Obama weighs in on 'Sunshine Week'
Updated 12:05 p.m. ET
It's Sunshine Week, an annual attempt by good government groups and news organizations to promote better access to government information. The week started with a critical report suggesting the Obama administration's first year of efforts to improve access to government information have yielded mixed results.
In a statement, President Obama applauded his administration's efforts to become "the most open and transparent ever."
"We came to Washington to change the way business was done, and part of that was making ourselves accountable to the American people by opening up our government," Obama said.
"We are proud of these accomplishments, but our work is not done. We will continue to work toward an unmatched level of transparency, participation and accountability across the entire Administration," he said.
Those words were matched with a White House memo issued Tuesday that reminds agencies to redouble their efforts to reduce the government's backlog of freedom of information requests.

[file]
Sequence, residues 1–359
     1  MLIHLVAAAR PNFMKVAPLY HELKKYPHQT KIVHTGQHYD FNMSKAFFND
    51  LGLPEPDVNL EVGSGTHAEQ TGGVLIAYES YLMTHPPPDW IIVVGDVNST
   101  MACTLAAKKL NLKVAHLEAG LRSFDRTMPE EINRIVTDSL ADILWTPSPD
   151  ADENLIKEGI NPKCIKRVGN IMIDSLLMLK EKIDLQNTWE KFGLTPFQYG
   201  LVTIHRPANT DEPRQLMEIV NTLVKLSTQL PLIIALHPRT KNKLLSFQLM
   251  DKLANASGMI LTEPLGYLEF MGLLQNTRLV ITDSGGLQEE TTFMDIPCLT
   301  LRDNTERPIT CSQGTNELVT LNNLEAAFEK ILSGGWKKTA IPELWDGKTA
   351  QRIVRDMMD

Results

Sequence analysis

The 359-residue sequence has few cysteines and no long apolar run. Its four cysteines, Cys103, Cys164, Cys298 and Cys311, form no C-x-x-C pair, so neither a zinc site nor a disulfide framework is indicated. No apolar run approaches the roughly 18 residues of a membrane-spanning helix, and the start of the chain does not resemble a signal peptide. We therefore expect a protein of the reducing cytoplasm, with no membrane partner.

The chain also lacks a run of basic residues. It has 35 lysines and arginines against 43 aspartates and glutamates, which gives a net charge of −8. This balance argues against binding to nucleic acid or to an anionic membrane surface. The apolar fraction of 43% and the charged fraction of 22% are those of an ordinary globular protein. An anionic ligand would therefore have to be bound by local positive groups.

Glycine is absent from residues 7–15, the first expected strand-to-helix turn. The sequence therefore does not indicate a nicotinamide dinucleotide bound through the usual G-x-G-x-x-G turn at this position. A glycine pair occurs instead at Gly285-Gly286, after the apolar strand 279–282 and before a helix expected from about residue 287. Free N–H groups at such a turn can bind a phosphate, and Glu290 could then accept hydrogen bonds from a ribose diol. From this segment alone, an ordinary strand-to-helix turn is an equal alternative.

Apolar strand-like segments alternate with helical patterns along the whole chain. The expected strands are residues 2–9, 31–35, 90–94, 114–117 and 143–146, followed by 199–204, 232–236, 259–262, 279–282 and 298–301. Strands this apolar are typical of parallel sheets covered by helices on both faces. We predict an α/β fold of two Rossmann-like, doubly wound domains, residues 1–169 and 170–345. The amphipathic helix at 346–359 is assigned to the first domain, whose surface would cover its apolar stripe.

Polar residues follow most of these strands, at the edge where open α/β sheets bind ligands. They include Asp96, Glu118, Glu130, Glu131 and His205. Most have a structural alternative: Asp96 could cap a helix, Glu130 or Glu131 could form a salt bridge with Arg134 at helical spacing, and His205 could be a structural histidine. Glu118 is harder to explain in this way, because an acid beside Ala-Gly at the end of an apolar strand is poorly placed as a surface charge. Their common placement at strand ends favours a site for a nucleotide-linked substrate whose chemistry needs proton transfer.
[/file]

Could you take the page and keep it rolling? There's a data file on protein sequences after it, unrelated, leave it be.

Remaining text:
"You should update all FOIA guidance and training materials to include the principles articulated in the President’s Memorandum," White House Chief of Staff Rahm Emanuel and White House Counsel Bob Bauer wrote in the memo. "Second, you should assess whether you are devoting adequate resources to responding to FOIA requests promptly and cooperatively, consistent with the requirements for addressing this Presidential priority."
Emanuel's extra push comes as the study by the National Security Archives suggested only a third of agencies that handle FOIA requests have made significant changes since President Obama ordered changes last year.
Meanwhile lawmakers will introduce at least two bills this week designed to shine more light on the governing process.
On Tuesday Rep. Steve Israel (D-N.Y.) will introduce the Public Online Information Act, which would require that all “public” executive branch documents be online and searchable. Israel's bill is backed by the Sunlight Foundation, one of the major good government groups pushing for better access to government data.
Then there's a bill by Sens. Patrick Leahy (D-Vt.) and John Cornyn (R-Texas.) that would establish an advisory panel to examine the ongoing backlog of freedom of information requests at federal agencies. The group would provide Congress with ideas on how to speed up the FOIA process. The pair first introduced the measure five years ago.
Let's see whether these bills have much life beyond this week. Thoughts? Leave them in the comments section below.
| March 16, 2010; 11:00 AM ET
Save & Share: Previous: Government probing thousands of stimulus complaints
Next: Chat With The Eye: health-care reform, Virginia Thomas and the Tea Party and White House vs. Supreme Court
The comments to this entry are closed.